DRM report launched by parliamentary group

Rachel WhetstoneI spent this morning at the launch of the All-Party Parliamentary Internet Group's report on Digital Rights Management. They make several sensible recommendations, but could have gone a lot further, as Open Rights Group explains.

What struck me most about the meeting was the entirely different world that IP lobbyists inhabit. They spent a considerable amount of time attacking Google Europe's director of communications and public affairs over Google Print, for the reason that Google quite outrageously has to scan a whole copy of a book to make that book searchable. (This was after they sang the praises of Google's Web index).

You have to wonder if they have the first clue about the public policy aims behind copyright law, or how technology actually works. You especially have to wonder if they realise quite what a powerful enemy they are making in Rachel Whetstone.

Can science get by without your tax money?

Roger NeedhamTerence Kealey, vice-chancellor of the UK's only private university, thinks that government science funding only displaces private sector research:

Contrary to myth, the private sector does tons of science — because it is so profitable. Consider IBM. The Times Higher Education Supplement’s survey last year showed that Harvard University’s science papers are the most cited globally (20.6 citations per paper on average) but coming in second was IBM (18.9), outranking all other universities and research bodies. And because IBM invests so much in science, it has for the past 12 years been awarded more patents (3,000 annually) than any other institution. And by its patents IBM earns more than $1 billion annually in licence fees.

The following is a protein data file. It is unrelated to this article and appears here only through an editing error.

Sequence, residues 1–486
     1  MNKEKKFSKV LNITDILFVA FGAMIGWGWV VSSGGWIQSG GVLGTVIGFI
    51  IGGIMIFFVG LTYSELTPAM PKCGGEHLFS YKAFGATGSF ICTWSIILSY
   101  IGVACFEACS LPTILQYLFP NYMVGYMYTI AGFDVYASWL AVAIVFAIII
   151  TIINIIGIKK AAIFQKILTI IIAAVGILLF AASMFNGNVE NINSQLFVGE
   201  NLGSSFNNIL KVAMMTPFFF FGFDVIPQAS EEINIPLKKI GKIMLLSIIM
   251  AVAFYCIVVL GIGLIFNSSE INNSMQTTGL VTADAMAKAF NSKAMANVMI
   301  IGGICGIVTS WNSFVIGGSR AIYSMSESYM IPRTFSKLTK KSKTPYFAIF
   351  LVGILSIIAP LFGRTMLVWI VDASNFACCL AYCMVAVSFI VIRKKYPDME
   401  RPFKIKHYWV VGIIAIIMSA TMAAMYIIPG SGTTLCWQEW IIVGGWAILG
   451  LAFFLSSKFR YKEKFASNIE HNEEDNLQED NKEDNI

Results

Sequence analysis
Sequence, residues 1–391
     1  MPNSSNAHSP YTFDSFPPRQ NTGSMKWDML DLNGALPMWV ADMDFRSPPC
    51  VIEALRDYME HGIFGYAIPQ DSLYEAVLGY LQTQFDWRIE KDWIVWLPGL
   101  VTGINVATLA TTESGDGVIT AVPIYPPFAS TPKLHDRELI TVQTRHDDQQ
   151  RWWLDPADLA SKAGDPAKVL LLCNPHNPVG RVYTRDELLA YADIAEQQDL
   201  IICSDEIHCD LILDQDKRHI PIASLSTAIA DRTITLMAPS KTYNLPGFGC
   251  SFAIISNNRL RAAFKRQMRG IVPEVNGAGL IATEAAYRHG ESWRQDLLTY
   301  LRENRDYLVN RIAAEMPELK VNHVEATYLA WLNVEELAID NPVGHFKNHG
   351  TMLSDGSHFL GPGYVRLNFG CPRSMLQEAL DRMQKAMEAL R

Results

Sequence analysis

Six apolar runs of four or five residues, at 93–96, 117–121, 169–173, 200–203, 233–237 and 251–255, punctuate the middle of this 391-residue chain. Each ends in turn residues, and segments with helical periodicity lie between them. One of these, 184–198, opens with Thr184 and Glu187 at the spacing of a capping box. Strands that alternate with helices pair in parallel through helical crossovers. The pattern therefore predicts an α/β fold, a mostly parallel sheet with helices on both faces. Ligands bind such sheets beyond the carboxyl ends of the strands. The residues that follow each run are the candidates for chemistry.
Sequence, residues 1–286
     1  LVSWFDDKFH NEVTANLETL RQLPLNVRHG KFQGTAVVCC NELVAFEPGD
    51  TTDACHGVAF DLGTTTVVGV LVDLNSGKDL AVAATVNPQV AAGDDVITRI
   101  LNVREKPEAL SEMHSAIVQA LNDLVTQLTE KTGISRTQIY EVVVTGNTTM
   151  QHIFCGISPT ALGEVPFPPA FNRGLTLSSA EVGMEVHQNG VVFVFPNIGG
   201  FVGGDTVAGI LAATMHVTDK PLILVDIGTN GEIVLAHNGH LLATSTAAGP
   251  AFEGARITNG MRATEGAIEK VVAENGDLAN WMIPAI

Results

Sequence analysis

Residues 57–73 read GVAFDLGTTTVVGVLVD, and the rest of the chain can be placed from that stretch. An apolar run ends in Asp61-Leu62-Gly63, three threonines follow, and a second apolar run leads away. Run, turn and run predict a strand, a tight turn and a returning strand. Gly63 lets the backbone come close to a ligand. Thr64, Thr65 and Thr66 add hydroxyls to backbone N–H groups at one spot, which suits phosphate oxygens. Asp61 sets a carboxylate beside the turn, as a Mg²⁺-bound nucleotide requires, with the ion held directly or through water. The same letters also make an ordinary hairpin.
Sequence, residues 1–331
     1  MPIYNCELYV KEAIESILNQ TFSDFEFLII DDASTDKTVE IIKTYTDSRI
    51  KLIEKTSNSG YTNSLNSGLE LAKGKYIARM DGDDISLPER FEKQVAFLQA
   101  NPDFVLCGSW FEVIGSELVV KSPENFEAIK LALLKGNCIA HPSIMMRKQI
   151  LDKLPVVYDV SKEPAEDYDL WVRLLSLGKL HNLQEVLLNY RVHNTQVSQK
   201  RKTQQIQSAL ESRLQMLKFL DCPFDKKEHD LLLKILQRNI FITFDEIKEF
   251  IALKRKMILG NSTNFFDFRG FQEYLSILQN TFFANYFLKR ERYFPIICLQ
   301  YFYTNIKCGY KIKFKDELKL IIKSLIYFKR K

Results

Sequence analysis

This is difficult to believe for someone who has had and continues to receive funding from the UK government's Engineering and Physical Sciences Research Council ;) From a less biased perspective the late Prof. Roger Needham, head of Microsoft Research Cambridge and Cambridge University's Computing Laboratory for many years, put a powerful case for the government funding of pre-competitive computer science research.

Sunday, June 04, 2006

Children: Over Surveilled, Under Protected

The excellent Action on Rights for Children and LSE have organised a free half-day conference on public sector databases on children, which are multiplying like you would not believe.

I'll be speaking about "Information sharing: the risks for families". Hope you can make it along on 27 June!

Hideous company sends Boing Boing a pre-emptive nastygram

Boing Boing
Here's yet another reason to love Boing Boing: their response to a nastygram from law firm Baker & McKenzie warning about "unauthorized streaming and downloading of FIFA World Cup matches":

I don't even know what the FIFA World Cup is. I'm guessing it's soccer, which I hate just as much as any other pro sport. Every editor at Boing Boing detests professional sports, and we would sooner stream a video of a crumpled up paper napkin in the corner of a room than show some jackasses running after a ball. The only time we would ever post anything about pro-sports would be to make fun of them.

Just imagine what the NHS could do with £20bn

Nick Cohen thinks he knows why NHS National Programme for IT costs have trebled to £20bn: